Last week, I wrote that politics and sports are ultimately inseparable.
With a fiery speech in Alabama on Friday, President Trump has illustrated that point perfectly.
I covered then-candidate Trump’s rallies in South Carolina, and there’s no doubting he’s good at it. He commanded the attention of everyone. For his base, he was simply electric.
So, it should be expected that once he got elected and figured out governing wasn’t as easy as yelling on a stage and tweeting, he would stay in campaign mode.
And so, the never-ending election campaign continued Friday. Speaking in front of the core of his base in a state that he carried with 62 percent of the vote, Trump needed something to fire them up, an easy target. How about, to paraphrase, “rich, overpaid and spoiled” NFL athletes who kneel for the national anthem?
Trump made his thoughts on the subject quite clear, posing this question to his supporters: Wouldn’t you want one of the NFL owners to say, “Get that (S.O.B.) off the field right now, he’s fired. He’s fired!”
Certainly, Trump has not been alone in his call for a boycott of the NFL because he and others see these players’ actions as blatant disrespect of the American flag and the men and women who fight and have fought for it.
To hear Trump say it, their actions are devoid of patriotism. It’s “a total disrespect for our heritage,” as he puts it.
These kinds of statements are common today when we talk about players kneeling before the flag, along with the “spoiled, rich athlete” digs and the go-to “They get paid to play a game,” pushback.
Yes, that’s partially true. They get paid to play a game and many of the athletes are spoiled and rich.
But let’s consider for a minute the hypocrisy of Trump’s statements and many of those who cheer when they’re blurted out.
We have a multi-billionaire who, prior to being elected, lived in a luxurious, towering skyscraper in Manhattan, isolated in the upper floors away from the common people, calling other people spoiled and rich. He fires off nice applause lines about these athletes’ apparent assault on American patriotism and disrespect of those who have served their country. But neither he nor those who cheer him loudest see anything wrong with attacking a Gold Star family or Sen. John McCain, a Vietnam War veteran.
Why? Well, because he likes people who weren’t captured.
But let’s not go too much further down the rabbit hole.
Many of the president’s critics contend Trump is using this issue as a distraction from his party’s latest poorly-written bill to reform health care floundering, or that Special Counsel Robert Mueller’s investigation is reportedly now focusing on some of his actions.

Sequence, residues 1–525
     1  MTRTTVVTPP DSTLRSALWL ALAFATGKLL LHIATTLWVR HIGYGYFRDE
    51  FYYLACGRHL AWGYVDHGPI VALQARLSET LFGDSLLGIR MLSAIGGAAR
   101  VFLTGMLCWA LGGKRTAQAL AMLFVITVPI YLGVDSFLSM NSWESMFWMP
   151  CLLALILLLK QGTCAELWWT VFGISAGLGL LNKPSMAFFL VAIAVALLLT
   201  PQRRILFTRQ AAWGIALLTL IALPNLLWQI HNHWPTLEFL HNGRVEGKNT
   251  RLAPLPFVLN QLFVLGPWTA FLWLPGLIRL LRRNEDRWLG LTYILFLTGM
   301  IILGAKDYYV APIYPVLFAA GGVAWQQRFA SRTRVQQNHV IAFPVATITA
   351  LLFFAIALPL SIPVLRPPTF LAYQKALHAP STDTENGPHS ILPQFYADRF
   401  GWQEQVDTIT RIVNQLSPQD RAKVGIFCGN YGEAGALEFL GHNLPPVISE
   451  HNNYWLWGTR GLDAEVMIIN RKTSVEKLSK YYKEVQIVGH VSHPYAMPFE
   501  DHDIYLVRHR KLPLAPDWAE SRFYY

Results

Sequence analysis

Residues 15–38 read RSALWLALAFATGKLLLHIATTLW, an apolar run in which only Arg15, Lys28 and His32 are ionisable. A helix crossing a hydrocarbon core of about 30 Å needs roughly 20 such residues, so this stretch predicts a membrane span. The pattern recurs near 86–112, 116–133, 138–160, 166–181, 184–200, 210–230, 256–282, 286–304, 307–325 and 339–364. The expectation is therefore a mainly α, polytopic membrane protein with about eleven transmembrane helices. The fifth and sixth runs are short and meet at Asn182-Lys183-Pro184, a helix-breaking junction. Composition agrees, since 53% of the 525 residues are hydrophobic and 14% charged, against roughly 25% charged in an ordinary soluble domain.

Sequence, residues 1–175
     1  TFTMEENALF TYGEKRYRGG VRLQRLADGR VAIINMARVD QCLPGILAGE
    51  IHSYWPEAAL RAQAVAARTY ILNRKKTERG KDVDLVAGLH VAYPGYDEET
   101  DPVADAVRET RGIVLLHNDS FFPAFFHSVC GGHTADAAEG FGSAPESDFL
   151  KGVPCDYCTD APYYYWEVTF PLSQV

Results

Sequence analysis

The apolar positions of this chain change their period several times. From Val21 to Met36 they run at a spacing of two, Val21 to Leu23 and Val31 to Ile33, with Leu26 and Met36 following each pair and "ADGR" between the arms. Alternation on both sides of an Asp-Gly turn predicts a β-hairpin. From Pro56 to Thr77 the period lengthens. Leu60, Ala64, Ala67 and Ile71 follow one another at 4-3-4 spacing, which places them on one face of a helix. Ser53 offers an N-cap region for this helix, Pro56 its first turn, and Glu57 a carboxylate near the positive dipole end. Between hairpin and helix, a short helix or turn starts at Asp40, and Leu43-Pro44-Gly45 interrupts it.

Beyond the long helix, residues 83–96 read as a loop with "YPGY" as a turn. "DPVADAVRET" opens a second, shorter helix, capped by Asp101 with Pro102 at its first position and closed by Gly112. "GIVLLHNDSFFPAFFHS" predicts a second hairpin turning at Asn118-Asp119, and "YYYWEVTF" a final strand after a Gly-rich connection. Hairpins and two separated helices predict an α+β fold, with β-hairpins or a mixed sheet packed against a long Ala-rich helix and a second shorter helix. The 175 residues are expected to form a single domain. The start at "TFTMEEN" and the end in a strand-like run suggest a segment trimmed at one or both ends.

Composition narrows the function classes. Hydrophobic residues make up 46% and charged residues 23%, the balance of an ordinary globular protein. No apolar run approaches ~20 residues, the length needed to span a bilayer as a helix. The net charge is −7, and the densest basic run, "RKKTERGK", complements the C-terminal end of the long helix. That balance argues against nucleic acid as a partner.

They say he should focus on other more important issues.
I get it, but I have no problem with the president addressing issues like this. To not say anything would be sticking one’s head in the sand.
It’s the manner in which he did it that is the problem. There is no place for the president of the United States to be referring to someone who peacefully exercises their First Amendment right as an S.O.B.
Rather than attempting to listen, he’s trying to delegitimize their thoughts, perhaps for the thrill of applause.
Rather than trying to encourage dialogue, he wants to shut it down and drive a stake further between people who think differently. He wants to make it a case of “us vs. them.”
This is not an us-vs.-them issue.
As I’ve said before, I believe in standing for the American flag and the ideals it represents. But one of those is the right to protest. It’s disingenuous to say the flag is symbolic of your right to protest, but don’t protest.
I also recognize my American experience is different from others. Governments are run by humans — all of them flawed, some deeply flawed and some not decent at all. Because of the latter especially, groups of people have suffered.
Discrimination in the history of this country isn’t something that can be hidden from. Things are better, but they’re not where they need to be.
That is the point these athletes are trying to make. This is not about disrespecting the flag and never has been. It’s about something far greater.
What needs to happen now is we all should be having conversations about the issues they’re attempting to bring awareness to, and more importantly, we should be developing plans for how we can try to fix them.
Several of the athletes — including Colin Kaepernick, who got the ball rolling on this — have already donated money to underserved communities. I hope more will continue to be active in their communities. At some point, this all has to go beyond taking a knee on the sideline.
In times like these, we should be able to count on our president and leaders to help foster these conversations and actions. But all we can expect from Trump, as seen and heard once again last week, is more petulance. If he can’t start acting like a leader and being more inclusive, maybe he should be fired.
Scott Thompson is the editor of the Barrow News-Journal. He can be reached at email@example.com.